So why come out now at such a pivotal time in the legislative process and chat up how the bill is doomed? Senator Jim DeMint (R-SC) recently stated that Obama’s health-care initiative is like his Waterloo. If Obama is defeated here, that may very well spell the end of Obama’s endeavors to reshape the American social and political landscape in his own very liberal image. While the analogy is imperfect, as all analogies are, it is important to note that if Obama can be stopped on health-care—and he almost certainly will be stopped—Republicans can salvage what is left of America.

Though the stimulus plan has severely debilitated America by plunging us into nearly irreparable debt and by burdening future generations with a crushing tax, we may someday be thankful that the Obama Administration pressed for the American Recovery and Reinvestment Act, or ERROR, when they did. In doing so, the Obama White House lurched far to the left, and this bacchanalian spendthrift left America not just with a hang over, but a terrible after-taste, and has ignited opposition to further leftward power grabs. National health-care, which would destroy innovation, hinder care, raise costs, institutionalize a culture of death, deprive us of our liberties and relegate America to European style mixed-economic socialism, would be far worse.

The blows dealt by Obama’s stimulus package are severe, but not insurmountable. National health-care would radically transform America. With calls to Congressional offices running fifteen to one against the plans as they stand, Obama is on the ropes. A resounding defeat here would diminish Barack Obama’s future political capital and neuter the march toward a Fabian-styled social order. To utilize another imperfect, boxing analogy; now is not the time to relent. If this is truly destined to be a defeat for the Obama Administration, we should not be content to win by T.K.O. Just as the Duke of Wellington and allied forces saved the continent of Europe from Napoleon’s forces, we should not see Obama’s weakened state and let our guard down. Republicans and conservative Democrats should press Obama all the more fiercely. Let’s make health-care Obama’s Waterloo.

David Teesdale, is particularly fond of analogies.  Mr. Teesdale is to rice pilaf as Steve Irwin is to: __________.  Comment here or e-mail him at david.evans.teesdale@gmail.com for the answer.


Health Care Reform and the Spending Hangover, by StairwaytoKevin

June 24, 2009

Are Americans finally coming off the prolonged binge of spending and government intrusion characterized by the first six months of the Obama administration? Recent polls indicate that as the nation tackles a host of policy issues, with health-care at the forefront, perhaps we have entered a collective hangover with the noticeable symptoms of guilt and utter confusion. Far be it from this timid conservative to triumphantly declare victory. But let’s hope that last night – or the past six months of trillion-dollar spending sprees, rather – was simply a one-night-stand, and that the next time we’re feeling a bit drunk and lonely – or we as a nation confront uncharted economic and political territory – we don’t resort to the same failed tactics of government encroachment and spending.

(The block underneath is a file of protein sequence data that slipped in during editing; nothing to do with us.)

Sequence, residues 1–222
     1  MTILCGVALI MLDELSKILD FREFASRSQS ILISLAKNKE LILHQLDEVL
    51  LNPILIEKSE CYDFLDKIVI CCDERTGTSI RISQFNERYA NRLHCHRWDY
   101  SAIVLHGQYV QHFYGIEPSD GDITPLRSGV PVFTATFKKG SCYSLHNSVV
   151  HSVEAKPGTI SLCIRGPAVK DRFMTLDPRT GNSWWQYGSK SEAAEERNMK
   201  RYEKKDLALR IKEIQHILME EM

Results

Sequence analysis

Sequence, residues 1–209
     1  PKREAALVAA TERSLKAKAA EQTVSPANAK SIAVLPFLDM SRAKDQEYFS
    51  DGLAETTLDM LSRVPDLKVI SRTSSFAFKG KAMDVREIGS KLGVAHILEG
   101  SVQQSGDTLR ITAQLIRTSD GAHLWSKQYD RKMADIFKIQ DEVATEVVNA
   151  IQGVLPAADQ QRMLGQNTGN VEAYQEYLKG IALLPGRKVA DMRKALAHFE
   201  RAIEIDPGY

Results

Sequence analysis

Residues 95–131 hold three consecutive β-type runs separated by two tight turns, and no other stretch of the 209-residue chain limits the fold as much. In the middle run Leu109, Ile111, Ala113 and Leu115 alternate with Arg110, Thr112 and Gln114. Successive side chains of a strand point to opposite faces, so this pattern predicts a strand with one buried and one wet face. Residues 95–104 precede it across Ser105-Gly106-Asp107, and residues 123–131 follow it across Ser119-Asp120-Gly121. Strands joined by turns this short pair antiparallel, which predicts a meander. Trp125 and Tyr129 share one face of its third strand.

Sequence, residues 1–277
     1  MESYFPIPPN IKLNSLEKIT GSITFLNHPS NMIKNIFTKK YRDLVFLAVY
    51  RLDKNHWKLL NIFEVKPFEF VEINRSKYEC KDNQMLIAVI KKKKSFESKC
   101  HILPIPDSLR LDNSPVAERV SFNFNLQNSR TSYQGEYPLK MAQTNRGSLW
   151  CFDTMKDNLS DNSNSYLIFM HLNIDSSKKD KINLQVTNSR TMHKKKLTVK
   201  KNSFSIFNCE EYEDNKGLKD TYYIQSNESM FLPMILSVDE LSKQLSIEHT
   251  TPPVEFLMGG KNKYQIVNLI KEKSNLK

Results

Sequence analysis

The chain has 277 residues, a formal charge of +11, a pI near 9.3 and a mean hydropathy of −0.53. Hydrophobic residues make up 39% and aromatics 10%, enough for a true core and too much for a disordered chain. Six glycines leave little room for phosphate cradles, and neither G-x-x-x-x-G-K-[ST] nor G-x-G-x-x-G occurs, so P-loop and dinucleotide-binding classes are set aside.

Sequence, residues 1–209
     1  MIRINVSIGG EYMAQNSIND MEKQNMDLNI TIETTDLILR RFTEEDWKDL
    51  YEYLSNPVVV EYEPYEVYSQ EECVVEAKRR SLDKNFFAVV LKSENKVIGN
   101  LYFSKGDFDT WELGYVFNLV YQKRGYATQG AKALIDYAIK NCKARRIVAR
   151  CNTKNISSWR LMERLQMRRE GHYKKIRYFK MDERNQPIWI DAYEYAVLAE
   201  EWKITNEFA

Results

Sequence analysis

Curiously, despite the political weakness of the Republican Party as well as the sheer popularity of the President, Americans are heavily skeptical of another supposed “fix” that contradicts fundamental principles of equity, fiscal prudence, and free market economics. A $787 billion stimulus bill, hundreds of billions in TARP funds, and billions more in auto bailouts have taken their toll on the American public. They have been burned by this administration’s penchant for spending now while asking questions later.

A Wall Street Journal poll from last week found 58% of respondents believe government should keep the deficit down even if it slows economic growth. Unfortunately for those advocating a massive health-care restructuring, Americans understand any type of restructuring will likely be permanent. It will also grow as benefits are added and costs skyrocket, as has been the case with nearly all public programs.

Health-care reform emanating from both the Senate finance and health committees do not meet the Congressional Budget Office measurements of being revenue neutral over the course of the next decade or reducing country’s long-term health care burden. Even bi-partisan plans such as the Wyden-Bennett plan, which would eliminate the tax exemption on employer-provided health benefits (it is worth noting that Obama has reversed his campaign rhetoric that denounced McCain’s support of such a plan as the largest middle-class tax hike in history) have met political resistance. Unions are feeling mighty after their electoral triumph in November and subsequent financial triumph in the Detroit bailout/bankruptcy. They are not quite ready to relinquish hefty benefits packages that would be affected by the Wyden-Bennett plan.

While compelling, many other arguments against liberal health-care reform have fallen flat. Nevermind that 17 million uninsured Americans live in households with income greater than $50,000; or that 40 percent of the uninsured are between the ages of 18 and 34 (a demographic where health care is not a necessity); or that nearly 14 million uninsured Americans are already eligible for taxpayer-funded insurance. Similarly hollow are the calls from the nation’s leading health-care experts such as the American Medical Association. They have opposed aspects such as the public option due to glaring shortcomings in Medicaid and Medicare, which they fear would be duplicated. Under those programs, which like the current debate began with promise of a hybrid public-private model – private plans were engulfed by government plans. Reimbursements have also shrunk as bureaucrats look for ways to trim the bloated operating costs of a government monopoly.